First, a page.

How does your garden grow?

 {Grandma with her prized geraniums}

The sun is shining, the trees are holding their breath in the stillness, and somewhere in the distance I can hear the deep hum of a lawnmower.  It's summer in Canada.  

It's always special to spend time in my childhood home, but this summer has been particularly meaningful.  Life has been in extreme flux recently, and coming home has felt so healing.  I love sitting in my old bedroom, looking at my bookshelves and dollhouse, and feeling that sense of belonging. Time might move forward at a harried pace, but some things never change.  

It's so comforting. 

I've also been thinking a lot about my family.  I miss my Dad, who died 6.5 years ago, more than anyone can ever imagine.  People say time heals, but they're wrong.  Time does heal the tragedy of loss, but the missing never, ever goes away

But... I've also been surprised to find that I'm missing my Grandma more and more.  She died 20 years ago exactly.  It may sound strange, but I'm actually missing her more as I grow older.  I loved her as a child, but it's only now, as an adult, that I'm beginning to understand who she actually was.  And, to my surprise, I think I'm becoming very much like her, in some respects. 

As I remember, she was stubborn, passionate, a lover of books and reading, and she enjoyed the beauty of everyday things (postage stamps, birds, sunsets, and things that were made well). 

One thing she was famous for was her garden.  We cousins loved to play in Grandma and Grandpa's large yard, under the condition that our running around didn't tear up the grass, and we didn't kick our balls into any of her precious flower beds.  I think we loved the gorgeous flowers as much as she did, and were happy to follow the rules.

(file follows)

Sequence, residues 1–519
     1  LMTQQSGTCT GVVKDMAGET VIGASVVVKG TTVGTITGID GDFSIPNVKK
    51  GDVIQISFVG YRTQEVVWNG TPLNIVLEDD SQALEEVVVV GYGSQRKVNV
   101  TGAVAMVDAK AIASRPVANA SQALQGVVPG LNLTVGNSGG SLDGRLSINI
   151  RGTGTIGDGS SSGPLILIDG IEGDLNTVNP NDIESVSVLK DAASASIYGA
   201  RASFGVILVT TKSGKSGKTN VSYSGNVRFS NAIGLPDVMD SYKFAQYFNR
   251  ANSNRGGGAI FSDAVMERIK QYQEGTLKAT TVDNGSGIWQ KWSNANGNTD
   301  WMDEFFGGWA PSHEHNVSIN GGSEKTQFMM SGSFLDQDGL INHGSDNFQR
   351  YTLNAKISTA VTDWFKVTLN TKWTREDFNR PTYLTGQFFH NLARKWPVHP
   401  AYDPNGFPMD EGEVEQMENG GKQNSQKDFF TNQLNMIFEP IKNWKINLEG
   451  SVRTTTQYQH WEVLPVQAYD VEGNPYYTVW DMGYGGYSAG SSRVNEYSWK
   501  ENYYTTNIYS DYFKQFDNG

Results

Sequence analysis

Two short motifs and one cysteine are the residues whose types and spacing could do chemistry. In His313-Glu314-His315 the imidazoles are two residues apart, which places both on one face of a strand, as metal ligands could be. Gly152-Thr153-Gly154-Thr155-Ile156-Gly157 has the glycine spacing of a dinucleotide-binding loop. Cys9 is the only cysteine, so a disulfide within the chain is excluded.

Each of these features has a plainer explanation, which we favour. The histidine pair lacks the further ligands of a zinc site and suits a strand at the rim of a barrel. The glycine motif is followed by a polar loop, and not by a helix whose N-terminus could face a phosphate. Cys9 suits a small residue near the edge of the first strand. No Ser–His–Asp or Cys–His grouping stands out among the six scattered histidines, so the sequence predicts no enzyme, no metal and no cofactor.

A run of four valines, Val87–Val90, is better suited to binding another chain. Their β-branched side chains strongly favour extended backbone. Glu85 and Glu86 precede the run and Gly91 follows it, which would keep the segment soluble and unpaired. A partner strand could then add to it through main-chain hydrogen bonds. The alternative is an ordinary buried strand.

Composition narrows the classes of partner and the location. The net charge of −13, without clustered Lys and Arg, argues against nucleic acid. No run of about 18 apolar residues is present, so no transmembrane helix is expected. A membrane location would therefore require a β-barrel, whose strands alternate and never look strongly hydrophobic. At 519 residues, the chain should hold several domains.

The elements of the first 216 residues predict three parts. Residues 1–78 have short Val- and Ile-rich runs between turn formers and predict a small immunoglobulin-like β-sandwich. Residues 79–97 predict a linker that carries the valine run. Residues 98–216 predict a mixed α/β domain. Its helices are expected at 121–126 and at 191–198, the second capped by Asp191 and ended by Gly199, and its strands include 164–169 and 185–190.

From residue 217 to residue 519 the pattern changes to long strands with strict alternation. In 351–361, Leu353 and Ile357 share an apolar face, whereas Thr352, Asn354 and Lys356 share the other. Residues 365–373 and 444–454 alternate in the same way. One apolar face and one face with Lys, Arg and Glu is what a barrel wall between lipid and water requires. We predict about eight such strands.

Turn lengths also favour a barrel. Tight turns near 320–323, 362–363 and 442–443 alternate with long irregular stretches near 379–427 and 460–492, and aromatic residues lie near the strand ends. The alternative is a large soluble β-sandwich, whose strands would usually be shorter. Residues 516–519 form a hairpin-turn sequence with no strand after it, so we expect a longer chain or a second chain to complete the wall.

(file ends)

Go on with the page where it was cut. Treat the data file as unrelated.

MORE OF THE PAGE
Her most prized flowers were her coral coloured geraniums.  She called them "scheena Helena," which means "beautiful Helen," but none of us are sure why they had that name! (You can see her sitting with one of the coral plants in the photo above.) She wintered the cuttings inside when the snow flew, and would plant them outside again every spring.  After she died my uncle David kept the plants going in the same way.  

Now, 20 years later, he finally managed to propagate enough plants to give one starter to each of my 7 aunts and uncles. I so wish I could take a plant overseas with me, so I could have a piece of my grandma's legacy growing in my garden!

{The tradition continues}

Speaking of plants and legacies...  Here is the spruce tree I planted in our back yard when I was in Kindergarten. It's now 25 years old, and taller than our house!

And a little post script, just because Grandma and I both love beautiful things....